Anxiety

It is used to describe feelings of worry, fear and unease. Typically, it incorporates both the emotional and physical sensations we experience when worried or nervous. Anxiety is related to the ‘fight or flight’ response and, while unpleasant, this is a normal reaction when our body perceives a threat.

We will all feel anxious at some time and it’s very common to feel tense or unsure about a potentially stressful situation, such as an exam, starting a new job, or moving home. However, some of us will be affected more than others. Despite being a normal experience, if these feelings are very strong or are lasting a long time, it can be overwhelming.

This fact-sheet will help you understand anxiety as a mental health problem and when to seek help. We will explore these common disorders and the treatment available, including counseling.

What is anxiety?

It can make you imagine things are worse than they are and prevent you from carrying out everyday tasks, or even leaving the house. Where stress is something that will come and go, anxiety can affect a person even if the cause is unclear.

When under stress, our ‘fight or flight’ response will turn on. This acts as an internal alarm system, designed to protect us from danger in the wild. These days, we can recognize this system through the ‘butterflies in the stomach’ we feel when we’re nervous. Anxiety, however, may cause this response to activate at inappropriate moments. You may feel this during normal, non-threatening situations.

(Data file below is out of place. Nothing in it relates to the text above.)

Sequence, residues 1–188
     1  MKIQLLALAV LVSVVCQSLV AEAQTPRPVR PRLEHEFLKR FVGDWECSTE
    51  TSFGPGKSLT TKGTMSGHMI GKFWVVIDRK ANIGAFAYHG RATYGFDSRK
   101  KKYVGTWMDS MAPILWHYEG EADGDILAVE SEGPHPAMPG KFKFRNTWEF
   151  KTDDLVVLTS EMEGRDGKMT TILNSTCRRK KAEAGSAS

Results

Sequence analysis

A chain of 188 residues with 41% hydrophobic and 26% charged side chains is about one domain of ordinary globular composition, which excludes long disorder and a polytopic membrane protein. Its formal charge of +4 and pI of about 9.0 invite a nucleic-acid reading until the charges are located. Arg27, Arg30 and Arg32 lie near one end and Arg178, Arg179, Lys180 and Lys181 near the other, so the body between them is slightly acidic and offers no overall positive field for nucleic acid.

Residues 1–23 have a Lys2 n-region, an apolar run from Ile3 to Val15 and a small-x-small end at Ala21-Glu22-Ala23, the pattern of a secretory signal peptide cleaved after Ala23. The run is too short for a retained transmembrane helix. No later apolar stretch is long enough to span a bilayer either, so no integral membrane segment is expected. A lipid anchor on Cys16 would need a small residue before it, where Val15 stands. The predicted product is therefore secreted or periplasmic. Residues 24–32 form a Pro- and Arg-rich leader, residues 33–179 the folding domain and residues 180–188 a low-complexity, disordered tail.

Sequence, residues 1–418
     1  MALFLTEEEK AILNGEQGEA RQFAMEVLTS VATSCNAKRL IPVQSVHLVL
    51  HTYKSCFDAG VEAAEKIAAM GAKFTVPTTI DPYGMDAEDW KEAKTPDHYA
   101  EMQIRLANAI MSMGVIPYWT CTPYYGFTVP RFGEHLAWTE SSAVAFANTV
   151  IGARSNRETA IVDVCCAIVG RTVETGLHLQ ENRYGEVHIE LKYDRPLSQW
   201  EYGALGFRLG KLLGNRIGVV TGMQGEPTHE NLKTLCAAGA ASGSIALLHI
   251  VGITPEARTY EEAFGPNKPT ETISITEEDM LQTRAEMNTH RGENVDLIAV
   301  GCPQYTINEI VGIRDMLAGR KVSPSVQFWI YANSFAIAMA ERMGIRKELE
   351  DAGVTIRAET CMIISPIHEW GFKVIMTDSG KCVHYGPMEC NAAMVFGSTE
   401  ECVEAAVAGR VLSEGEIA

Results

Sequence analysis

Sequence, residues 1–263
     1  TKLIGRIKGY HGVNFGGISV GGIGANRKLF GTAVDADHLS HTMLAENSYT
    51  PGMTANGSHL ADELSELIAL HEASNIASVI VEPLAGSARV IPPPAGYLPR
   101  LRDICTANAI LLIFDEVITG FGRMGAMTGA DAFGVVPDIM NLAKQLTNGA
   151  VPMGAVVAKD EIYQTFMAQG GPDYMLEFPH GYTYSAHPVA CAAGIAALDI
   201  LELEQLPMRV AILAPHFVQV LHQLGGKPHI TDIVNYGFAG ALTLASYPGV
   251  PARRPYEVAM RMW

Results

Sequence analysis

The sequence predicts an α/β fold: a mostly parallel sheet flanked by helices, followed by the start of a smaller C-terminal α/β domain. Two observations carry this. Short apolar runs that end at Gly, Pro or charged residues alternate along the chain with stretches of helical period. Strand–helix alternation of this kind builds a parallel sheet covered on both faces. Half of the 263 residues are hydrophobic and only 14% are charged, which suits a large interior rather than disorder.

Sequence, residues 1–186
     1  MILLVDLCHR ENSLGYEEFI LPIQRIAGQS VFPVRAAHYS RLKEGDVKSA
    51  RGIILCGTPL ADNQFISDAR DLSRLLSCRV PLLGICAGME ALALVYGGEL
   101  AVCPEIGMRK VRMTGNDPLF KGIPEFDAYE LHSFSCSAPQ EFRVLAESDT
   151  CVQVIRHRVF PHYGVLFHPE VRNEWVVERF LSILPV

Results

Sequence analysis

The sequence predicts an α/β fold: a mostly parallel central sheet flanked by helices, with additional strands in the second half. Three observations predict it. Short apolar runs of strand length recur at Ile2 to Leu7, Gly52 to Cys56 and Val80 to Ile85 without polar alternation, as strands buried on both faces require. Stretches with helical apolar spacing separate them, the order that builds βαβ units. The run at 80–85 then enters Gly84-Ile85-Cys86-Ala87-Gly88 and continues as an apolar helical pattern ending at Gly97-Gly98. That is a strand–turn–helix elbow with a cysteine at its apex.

"If we keep adding stressors to the bucket (even tiny ones, like the school 
run or commuting to work), over time it fills up until one day it overflows. 
This can be a good way of looking at anxiety as it explains why sometimes it 
can seem to come out of the blue, with no significant trigger."

When is the right time to seek help?

Anxiety is a problem that can get worse if the stressors continue to build up. People may feel ashamed to ask for help, or believe that it’s not ‘that big a problem’ thus covering their feelings and dealing with it alone. It’s important to know that you deserve support and as lonely as you feel, people care. If you’re not comfortable talking to a loved one, there are many other platforms available. Online support groups and anxiety counselling give you the opportunity to talk to people who understand you.

Photo Credit: PraticalCures.com
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